Predicting several categories: multinomial logistic regression

 
 
Chapter 21: Multilevel linear models
Hierarchical data

 
Theory of multilevel linear models

 
The multilevel model

 
Some practical issues

 
Multilevel modelling using SPSS Statistics

 
Growth models

 
How to report a multilevel model

 
A message from the octopus of inescapable despair

 
 
Chapter 22: Epilogue

Supplements

Datasets & more

Hosted by the author, this website contains additional materials including: 

  • Solutions to Smart Alex’s tasks.
  • The data files and SPSS workbooks for each chapter.
  • Errata
  • Solutions to Labcoat Leni tasks
  • Oditi’s Lantern
  • Oliver Twisted’s pot of statistical gruel.
  • Solutions to self-test tasks within chapters

This is surely the most comprehensive SPSS offering on the market, and it offers delivery in an entertaining way which means that it offers a unique and valuable reading experience that cannot be obtained via new competing methods including AI.

I think this book also ties in well with 'An Adventure in Statistics' by the same author, which offers a more thorough discussion of the basics, again with the same engaging style, but without the need for any statistics software.

I teach both R and SPSS, for ease of delivery it would be good if both this book and 'Discovering Statistics using R' were in sync. I guess I am encouraging Andy Field to continue, to publish a new edition of the R book as well!

Dr Ben Derrick
Department of Mathematics & Statistics, University of The West of England
May 2, 2024

SPSS step by step procedures.

Dr Jean Amost Cadet
Nursing, Andrews University-Michigan
April 29, 2024

Used a previous version, great text.

Dr James Lacey
LMS Administration, Endicott College
April 30, 2024

After many years doing research and teaching on research methods, even if the examples in the book are not just in the field of health sciences, I have finally found a book that contains both theoretical details of statistics along with how to practically perform tests on SPSS. Something that attracted my attention was the use of colourful images and figures and even the colourful text.
This book really recommended to anyone who is going to work with SPSS and also understand why and how to use it. Thanks to the author!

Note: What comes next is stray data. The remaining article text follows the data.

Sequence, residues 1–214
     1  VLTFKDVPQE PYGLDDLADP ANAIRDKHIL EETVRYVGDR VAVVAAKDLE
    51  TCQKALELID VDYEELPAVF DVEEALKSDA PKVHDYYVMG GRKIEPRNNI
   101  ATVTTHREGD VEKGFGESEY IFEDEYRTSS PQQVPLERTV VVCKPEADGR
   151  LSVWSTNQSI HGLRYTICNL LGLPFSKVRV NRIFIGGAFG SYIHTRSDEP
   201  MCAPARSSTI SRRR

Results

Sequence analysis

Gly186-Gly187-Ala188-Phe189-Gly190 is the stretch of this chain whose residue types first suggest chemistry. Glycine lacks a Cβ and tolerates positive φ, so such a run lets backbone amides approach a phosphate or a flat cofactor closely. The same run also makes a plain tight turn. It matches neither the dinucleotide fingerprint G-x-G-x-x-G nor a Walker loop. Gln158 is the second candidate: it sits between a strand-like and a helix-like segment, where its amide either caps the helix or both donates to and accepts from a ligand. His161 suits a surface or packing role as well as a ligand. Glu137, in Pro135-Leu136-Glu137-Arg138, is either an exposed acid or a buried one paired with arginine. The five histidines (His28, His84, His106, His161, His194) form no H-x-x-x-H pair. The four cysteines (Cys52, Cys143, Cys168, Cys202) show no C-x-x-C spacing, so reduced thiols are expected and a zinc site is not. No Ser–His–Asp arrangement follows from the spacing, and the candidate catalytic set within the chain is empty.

Professor Mojtaba Vaismoradi
Nursing, Nord University
April 12, 2024

Lovely text with illustrations to aid those who are using statistics in their research project. I would recommend this as it is a visually friendly text with plenty of examples. Each chapter begins with "what will this chapter tell me" to give a quick summary of what will be covered. There are also self-tests at the end of each chapter to test knowledge.

Miss Lee Lui
Faculty of Health, Social Care and Education, Kingston University
May 10, 2024

I didn't receive the book

Dr Aram Ghaemmaghami
School of Criminology and Criminal Justice, Portsmouth University
May 29, 2024

Summarizing:
- The chapters do not follow the usual sequence from simpler to more complex in Statistics textbooks.
- Most chapters dedicate very little to explain how to use SPSS for each type of problem, from the data entry to the interpretation of results.
- The attempt to use colloquial conversation for explanations is more a distraction than a facilitator of understanding.
-The use of some cartoon-like images through the chapters is distracting; it does not add to the comprehension of concepts.

Dr Fabio Chacon
LMS Administration, Bowie State University
March 7, 2024

Best book for biostatistics on a MSc level available. This rework is again a step up, while the level was already so good.
We don't have a 'mandatory book' list anymore, otherwise it would be on it. We have it on the reading list with strong references to the chapters within our study manual as well.

Mr Roland Reezigt
Health, Hanze University of Applied Sciences
March 27, 2024

Great textbook, very student friendly, highly recommended

Dr Joseph Vella
Dept of Media and Communication, University of Malta
May 29, 2024
Key features
What's new in this edition: 

• Updated to comply with the latest version of IBM SPSS Statistics (version 29) 
• Updated and expanded theory on the general linear model
• More emphasis on Partial eta-square in general linear model chapters
• Updated examples and features throughout to make them more diverse and inclusive

For instructors